Like many of the great innovators and stylists of an early era, today they are hardly remembered. This book is part of a series to recall them with a sense of pride and acknowledge their immense contribution to the history of Indian cinema.
Shoma A. Chatterji is among the few today who writes of the legendary figures of the past with dedication and passion. In this book she brings alive one of Indian cinema's most charismatic figures.
Pramathesh Chandra Barua, a real-life prince, was born in the royal family of Gauripur, Assam, in October 1903. Some accounts mention the date as October 10 while others say it was October 24. Such biographical confusions dot Barua whose life-story offers stuff more exciting than the scripts of the films he made. But they do not disturb the essence of the story. Rather, they add to the intrigue and the mystique of a man who changed the face of Indian cinema for all time to come-with his choice of stories from classical Bengali literature, with his personalised style of natural acting, with his technical innovations, some of them being turning points in Indian cinematic technique and last but not the least, with Devdas, the eternal lover, who continues to haunt young and old alike, well into the 21st century.
"He was a living legend in Bengali cinema. He was the heart-throb of millions, the idol of my adolescence," wrote the late Mukul Roy, who had a brief association with Barua in 1939 when he worked as a child-actor in a Barua film. "He was not only a great director and actor, but was also a brilliant photographer. He wasn't over five feet tall and did not weigh more than 130 lbs - but then, some of the finest things in the world come in small packages, like diamonds," wrote Roy.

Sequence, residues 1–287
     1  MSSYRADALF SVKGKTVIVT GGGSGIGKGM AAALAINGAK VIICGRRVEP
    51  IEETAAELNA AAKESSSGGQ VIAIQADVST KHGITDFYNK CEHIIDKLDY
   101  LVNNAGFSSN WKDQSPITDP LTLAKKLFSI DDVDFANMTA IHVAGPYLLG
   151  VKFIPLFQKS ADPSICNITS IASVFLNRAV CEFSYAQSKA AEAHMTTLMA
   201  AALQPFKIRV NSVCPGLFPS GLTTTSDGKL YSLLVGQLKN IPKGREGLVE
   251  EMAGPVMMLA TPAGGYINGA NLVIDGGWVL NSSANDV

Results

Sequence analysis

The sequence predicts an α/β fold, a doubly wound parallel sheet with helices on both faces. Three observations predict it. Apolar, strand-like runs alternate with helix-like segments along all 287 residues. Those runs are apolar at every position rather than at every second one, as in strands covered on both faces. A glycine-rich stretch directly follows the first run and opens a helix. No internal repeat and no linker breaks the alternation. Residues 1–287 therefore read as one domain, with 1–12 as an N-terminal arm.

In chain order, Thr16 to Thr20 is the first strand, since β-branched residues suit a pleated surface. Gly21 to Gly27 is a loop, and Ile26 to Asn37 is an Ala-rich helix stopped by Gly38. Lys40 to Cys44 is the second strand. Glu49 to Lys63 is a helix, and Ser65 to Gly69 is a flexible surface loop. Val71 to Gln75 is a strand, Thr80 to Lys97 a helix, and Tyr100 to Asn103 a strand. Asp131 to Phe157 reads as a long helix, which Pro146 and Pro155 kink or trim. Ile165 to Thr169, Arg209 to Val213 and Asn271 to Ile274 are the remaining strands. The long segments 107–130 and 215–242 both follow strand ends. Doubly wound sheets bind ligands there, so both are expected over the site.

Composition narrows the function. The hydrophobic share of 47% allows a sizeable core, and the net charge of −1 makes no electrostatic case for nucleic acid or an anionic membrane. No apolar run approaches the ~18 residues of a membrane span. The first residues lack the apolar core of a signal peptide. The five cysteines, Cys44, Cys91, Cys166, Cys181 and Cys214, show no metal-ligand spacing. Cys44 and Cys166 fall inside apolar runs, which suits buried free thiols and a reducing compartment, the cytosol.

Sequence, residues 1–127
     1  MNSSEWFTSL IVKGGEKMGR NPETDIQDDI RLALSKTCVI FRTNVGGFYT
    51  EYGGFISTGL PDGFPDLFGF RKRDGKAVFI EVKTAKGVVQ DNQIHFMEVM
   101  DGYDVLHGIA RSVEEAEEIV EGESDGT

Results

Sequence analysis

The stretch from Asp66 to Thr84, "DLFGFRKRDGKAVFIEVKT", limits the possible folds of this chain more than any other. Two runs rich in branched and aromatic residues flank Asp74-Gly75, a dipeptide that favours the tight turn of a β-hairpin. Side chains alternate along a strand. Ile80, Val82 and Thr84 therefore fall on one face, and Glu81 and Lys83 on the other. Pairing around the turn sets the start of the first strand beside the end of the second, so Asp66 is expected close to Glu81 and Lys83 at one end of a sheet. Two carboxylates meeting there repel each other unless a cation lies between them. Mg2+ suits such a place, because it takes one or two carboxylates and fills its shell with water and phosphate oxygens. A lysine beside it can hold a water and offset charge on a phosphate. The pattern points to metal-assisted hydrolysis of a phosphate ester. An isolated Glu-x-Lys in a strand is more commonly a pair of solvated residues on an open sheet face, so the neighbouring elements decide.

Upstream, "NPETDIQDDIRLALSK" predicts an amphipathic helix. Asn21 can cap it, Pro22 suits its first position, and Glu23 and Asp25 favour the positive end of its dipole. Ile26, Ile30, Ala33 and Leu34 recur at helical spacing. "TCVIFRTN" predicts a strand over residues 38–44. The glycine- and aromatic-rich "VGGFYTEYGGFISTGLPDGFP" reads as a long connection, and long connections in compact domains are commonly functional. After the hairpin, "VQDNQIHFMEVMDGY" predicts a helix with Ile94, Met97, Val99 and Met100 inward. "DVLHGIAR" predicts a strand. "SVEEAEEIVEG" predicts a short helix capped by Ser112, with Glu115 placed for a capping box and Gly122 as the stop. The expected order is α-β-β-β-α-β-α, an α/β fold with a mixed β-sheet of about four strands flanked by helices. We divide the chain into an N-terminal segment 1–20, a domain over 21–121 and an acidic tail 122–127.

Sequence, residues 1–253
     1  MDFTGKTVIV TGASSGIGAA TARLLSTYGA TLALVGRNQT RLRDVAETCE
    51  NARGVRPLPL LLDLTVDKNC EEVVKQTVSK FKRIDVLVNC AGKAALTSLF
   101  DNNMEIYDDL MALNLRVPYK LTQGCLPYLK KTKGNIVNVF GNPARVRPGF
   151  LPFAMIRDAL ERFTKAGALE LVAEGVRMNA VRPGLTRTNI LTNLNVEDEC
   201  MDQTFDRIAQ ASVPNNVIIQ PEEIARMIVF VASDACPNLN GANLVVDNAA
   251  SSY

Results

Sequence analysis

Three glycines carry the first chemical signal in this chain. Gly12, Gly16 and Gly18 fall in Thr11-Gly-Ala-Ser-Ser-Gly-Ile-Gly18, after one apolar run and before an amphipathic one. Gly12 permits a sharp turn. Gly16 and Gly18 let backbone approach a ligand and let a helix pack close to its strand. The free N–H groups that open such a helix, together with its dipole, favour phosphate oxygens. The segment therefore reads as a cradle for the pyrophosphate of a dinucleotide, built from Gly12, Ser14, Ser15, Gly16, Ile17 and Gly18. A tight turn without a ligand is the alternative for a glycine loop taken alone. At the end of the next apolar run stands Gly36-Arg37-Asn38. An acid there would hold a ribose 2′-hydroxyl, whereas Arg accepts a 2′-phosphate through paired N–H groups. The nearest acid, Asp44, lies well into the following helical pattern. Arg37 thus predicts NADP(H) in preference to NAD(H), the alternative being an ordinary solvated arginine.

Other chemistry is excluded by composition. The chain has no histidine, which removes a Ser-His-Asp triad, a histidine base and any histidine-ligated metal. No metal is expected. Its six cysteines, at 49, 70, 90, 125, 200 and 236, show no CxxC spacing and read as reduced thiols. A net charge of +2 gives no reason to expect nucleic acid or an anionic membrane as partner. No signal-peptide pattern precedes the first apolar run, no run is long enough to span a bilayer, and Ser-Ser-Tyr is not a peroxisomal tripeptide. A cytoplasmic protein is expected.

Pramathesh Barua entered films at a crucial period. Cinema was still uncertain about its status and identity, finding itself trapped between culture and entertainment. It did not have its role clearly etched out, or even a definite identity supported either by the social system within which it functioned or as an important form and language of artistic, creative expression. When Barua entered the cinema, many stalwarts were pioneers in different fields of cinema in their own right. Among them were technicians, actors, directors and writers who tried to give a distinct Indian identity to the cinema by shaping it to suit the taste of an essentially Indian audience. They included Dhirendranath Ganguly, Debaki Kumar Bose and Dinesh Ranjan Das. The cinema began to grow in importance as a form of creative expression among these pioneers. Some ordinary people, reckless enough to venture into hitherto uncharted territory, began to accept the different areas of films as a vocation. Yet, people involved with cinema remained on the margins of social acceptance and respect. These contradictory elements must have touched a chord somewhere in the mind of Barua, who gave recklessness a new definition and who had already had a taste of what cultural marginality was all about. This kind of uncertain yet open environment, conducive to experimentation and exploration in creativity, must have inspired Barua with the confidence to sustain his faith in creative freedom of expression through the cinema.
He entered the film world during the pre-Second World War phase. He represented the archetypal mix of the feudal and the melancholic. Audiences today do not enjoy seeing him so much as a painted face, or a defeated lover, but identify him completely with the Devdas image that keeps haunting the jilted lover-boy everywhere in India.